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Charlie Sheen is getting a $100 million payout from Warner Brothers, in settlement of his lawsuit over his television show (that I've never seen), Two and a Half Men. $25 million will be paid in two weeks, the rest over time.
Apple stock prices closed at an all-time high today, $411 a share, with a new record-high market valuation of $381.62 billion, which even beats Exxon Mobile.
Let the mega-rich pay more in taxes. Leave Medicare alone. They may have more money, but there's millions more of us and we vote. Our votes can lead to electoral victory. Who cares if they pout?
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John Judis, a visiting scholar at the Carnegie Endowment for International Peace. writes the cover story for the October 6, 2011 New Republic on the economy and President Obama. It's called Doom: Our Economic Nightmare is Just Beginning. TNR has provided me with this pass-through link so non-subscribers may read it. It's long, but very interesting, particularly from a historical point of view. (Although the parts about the world monetary system were way over my comprehension abilities.)
It starts out by saying our current recession is not just similar to the 1929 depression, it is the 1929 depression redux. It then recaps economic history since then and politicians and nations' responses. Shorter version: Obama shouldn't fall prey to Republicans clamoring for deficit cuts and decreased Government spending. Austerity is not the answer and to recover, we need more, not less, Government spending. [More...]
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President Obama took a stand for Democrats and seniors today. I'm canceling his pink slip notice.
Obama's plan to cut the nation's deficit is already being attacked by Republicans. The plan is in line with Democratic values. Why should those who make more than a million dollars a year pay tax only at the rate of 15%, when so many of us who earn far less are taxed at 35%? The Bush tax cuts should have been repealed a long time ago.
The plan also calls for $1 trillion in cuts for withdrawing troops from Afghanistan and Iraq. Most importantly:
The plan doesn't touch Social Security, and there is no proposed increase in the Medicare eligibility age -- a cost-saving plan the president was willing to agree to earlier in the year, to the dismay of liberals.
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I so hope this is true:
The plan includes no changes in Social Security and does not include an increase in the Medicare eligibility age, which the president had considered this summer.
If it's accurate, I'm withdrawing my pink slip to President Obama. I'll even thank him.
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The New York Times has the details of the economic plan President Obama will introduce on Monday. It's mostly about taxes -- a minimum tax for millionaires. But then there's this:
Mr. Obama, in his plan, will call for more than $300 billion in 10-year savings from Medicare and Medicaid but not for changes in Social Security.
The increased taxes may not pass be accepted by Republicans. So what's the point?
The Obama proposal has little chance of becoming law unless Republican lawmakers bend. But by focusing on the wealthiest Americans, the president is sharpening the contrast between Republicans and Democrats with a theme he can carry into his bid for re-election in 2012.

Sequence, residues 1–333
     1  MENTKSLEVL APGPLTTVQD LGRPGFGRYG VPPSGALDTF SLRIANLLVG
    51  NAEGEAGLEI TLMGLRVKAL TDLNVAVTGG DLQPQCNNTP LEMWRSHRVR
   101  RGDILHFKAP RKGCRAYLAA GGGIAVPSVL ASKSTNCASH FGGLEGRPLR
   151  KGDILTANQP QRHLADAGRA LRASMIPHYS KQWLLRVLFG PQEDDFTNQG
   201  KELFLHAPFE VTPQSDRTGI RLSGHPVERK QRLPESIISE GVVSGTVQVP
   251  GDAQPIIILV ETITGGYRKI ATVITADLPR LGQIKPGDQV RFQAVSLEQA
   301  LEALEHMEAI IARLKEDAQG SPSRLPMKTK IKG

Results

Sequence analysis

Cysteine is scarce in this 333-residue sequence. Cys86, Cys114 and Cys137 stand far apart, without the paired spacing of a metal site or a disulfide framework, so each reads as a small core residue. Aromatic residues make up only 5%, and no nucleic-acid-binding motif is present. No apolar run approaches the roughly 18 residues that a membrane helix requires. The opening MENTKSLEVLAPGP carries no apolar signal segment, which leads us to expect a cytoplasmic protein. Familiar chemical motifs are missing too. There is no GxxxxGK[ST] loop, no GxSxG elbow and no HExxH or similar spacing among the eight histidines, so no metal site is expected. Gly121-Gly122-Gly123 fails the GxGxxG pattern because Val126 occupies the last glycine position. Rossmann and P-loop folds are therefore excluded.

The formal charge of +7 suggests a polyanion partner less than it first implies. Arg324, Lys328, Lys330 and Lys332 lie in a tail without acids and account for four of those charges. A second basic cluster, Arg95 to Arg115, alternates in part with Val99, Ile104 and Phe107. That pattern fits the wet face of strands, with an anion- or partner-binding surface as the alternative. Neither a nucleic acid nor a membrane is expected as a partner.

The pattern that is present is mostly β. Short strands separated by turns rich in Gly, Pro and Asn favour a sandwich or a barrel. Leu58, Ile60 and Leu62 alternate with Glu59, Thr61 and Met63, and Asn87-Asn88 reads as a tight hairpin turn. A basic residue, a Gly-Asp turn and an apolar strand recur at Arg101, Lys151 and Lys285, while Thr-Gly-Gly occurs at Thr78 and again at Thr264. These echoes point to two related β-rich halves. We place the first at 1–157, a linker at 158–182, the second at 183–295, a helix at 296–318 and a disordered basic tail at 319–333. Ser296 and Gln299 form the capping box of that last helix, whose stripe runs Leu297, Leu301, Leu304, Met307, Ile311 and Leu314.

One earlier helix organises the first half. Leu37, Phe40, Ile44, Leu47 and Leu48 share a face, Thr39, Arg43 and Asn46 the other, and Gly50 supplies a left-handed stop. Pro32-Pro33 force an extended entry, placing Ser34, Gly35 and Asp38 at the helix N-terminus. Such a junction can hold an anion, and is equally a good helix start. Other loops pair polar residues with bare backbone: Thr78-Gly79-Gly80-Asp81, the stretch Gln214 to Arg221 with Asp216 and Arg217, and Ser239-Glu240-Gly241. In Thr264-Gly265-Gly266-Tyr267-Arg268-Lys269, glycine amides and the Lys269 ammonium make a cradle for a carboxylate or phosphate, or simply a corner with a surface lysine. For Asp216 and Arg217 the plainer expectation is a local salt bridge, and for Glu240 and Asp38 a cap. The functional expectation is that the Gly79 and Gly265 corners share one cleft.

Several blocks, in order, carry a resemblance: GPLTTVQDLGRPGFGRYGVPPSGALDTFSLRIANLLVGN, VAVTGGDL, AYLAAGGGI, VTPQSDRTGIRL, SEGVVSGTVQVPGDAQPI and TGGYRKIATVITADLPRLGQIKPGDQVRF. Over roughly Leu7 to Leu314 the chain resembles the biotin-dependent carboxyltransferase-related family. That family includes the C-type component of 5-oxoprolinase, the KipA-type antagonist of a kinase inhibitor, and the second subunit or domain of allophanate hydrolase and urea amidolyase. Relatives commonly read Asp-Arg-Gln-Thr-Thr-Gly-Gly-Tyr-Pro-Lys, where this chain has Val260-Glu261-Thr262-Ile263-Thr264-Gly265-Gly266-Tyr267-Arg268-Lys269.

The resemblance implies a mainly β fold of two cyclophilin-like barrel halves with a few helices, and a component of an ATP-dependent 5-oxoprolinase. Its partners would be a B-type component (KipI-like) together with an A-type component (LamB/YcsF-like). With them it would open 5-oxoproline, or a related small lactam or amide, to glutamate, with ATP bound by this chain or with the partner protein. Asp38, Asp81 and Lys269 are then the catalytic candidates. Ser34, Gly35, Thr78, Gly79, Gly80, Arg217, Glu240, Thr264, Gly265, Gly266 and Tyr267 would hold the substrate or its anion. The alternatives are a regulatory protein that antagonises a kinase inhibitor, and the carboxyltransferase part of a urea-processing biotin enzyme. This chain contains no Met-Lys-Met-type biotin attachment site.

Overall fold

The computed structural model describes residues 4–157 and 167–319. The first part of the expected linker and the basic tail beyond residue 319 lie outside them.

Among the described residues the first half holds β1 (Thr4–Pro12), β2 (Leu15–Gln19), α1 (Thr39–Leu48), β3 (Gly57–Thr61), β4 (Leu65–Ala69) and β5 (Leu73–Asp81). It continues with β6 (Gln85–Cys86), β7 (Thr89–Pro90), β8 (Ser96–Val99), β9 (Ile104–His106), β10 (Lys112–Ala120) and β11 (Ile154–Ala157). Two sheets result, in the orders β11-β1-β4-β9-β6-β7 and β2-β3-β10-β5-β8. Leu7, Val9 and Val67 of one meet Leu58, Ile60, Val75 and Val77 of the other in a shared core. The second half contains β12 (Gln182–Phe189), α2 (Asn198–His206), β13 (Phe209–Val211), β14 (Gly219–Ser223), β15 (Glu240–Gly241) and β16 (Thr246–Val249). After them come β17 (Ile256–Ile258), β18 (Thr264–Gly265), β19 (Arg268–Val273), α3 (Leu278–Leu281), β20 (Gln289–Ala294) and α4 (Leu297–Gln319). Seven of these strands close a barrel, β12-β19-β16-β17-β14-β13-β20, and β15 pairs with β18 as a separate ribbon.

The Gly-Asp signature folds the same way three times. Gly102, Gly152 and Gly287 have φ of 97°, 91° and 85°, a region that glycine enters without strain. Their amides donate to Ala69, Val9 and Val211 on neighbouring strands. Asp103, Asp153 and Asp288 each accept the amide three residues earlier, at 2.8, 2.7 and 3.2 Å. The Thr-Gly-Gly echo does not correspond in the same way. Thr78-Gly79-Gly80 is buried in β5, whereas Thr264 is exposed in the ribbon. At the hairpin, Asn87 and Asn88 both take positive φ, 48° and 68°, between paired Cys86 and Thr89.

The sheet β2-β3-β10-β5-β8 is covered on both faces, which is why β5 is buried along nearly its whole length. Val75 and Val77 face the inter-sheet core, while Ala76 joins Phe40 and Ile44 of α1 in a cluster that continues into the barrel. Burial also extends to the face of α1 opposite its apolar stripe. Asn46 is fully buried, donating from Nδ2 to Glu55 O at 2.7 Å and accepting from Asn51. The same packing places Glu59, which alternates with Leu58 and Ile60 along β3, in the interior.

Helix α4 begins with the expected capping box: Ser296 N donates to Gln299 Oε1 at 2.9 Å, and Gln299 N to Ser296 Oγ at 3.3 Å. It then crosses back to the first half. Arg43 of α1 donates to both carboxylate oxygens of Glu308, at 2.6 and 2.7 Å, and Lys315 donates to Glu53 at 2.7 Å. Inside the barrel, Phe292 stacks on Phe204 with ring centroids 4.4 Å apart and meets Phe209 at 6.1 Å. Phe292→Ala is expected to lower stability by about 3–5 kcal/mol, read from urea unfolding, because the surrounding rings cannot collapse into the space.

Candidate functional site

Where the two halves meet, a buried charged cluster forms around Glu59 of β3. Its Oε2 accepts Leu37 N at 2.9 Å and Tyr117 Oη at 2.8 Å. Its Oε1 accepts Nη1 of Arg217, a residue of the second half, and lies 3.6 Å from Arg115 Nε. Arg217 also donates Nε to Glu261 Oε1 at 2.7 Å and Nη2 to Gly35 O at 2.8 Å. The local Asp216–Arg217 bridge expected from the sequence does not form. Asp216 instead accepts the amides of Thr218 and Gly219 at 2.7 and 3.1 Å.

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Applications for unemployment benefits climbed to 428,000 in the week ended Sept. 10 from an upwardly revised 417,000 the prior week, the Labor Department said.
Exacerbating the problem is the rise in headline inflation:
The Labor Department said its Consumer Price Index increased 0.4 percent last month, after rising 0.5 percent in July. The reading was higher than the 0.2 percent rise expected, with food prices posting their biggest gain since March. Gasoline prices climbed 1.9 percent after jumping 4.7 percent the prior month. Food prices rose 0.5 percent after increasing 0.4 percent in July.
This is bad because the folks that want Austerity Now! get to yell Inflation! The reality is that core inflation is 2% due to slack demand. But energy and food prices go up more because demand for these items is inelastic. This is a toxic brew of economic news. Things are looking bleaker.
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The Associated Press has this analysis of Obama's assertion that his job bill pays for himself:
The jobs plan is an IOU from a president and lawmakers who may not even be in office down the road when the bills come due. Today's Congress cannot bind a later one for future spending. A future Congress could simply reverse it.
Anyone else notice Obama is proposing taxes on those who make $200,000 rather than $250,000? Is that gross income before deductions? Or taxable income? Or what?
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From the New York Times: Business owners say Obama's jobs plan won't cause them to hire new workers.
That sentiment was echoed across numerous industries by executives in companies big and small on Friday, underscoring the challenge for the Obama administration as it tries to encourage hiring and perk up the moribund economy.
The stock market fell big time yesterday, wiping out all gains for the week. Guess Wall St. wasn't impressed either.[More...]
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Raising Medicare’s eligibility age from 65 to 67, which the new Joint Select Committee will likely consider this fall as a deficit-reduction measure, would not only fail to constrain health care costs across the economy; it would increase them.
While this proposal would save the federal government money, it would do so by shifting costs to most of the 65- and 66-year-olds who would lose Medicare coverage, to employers that provide health coverage for their retirees, to Medicare beneficiaries, to younger people who buy insurance through the new health insurance exchanges, and to states.
The report is based on the Kaiser Report I've cited previously: [More....]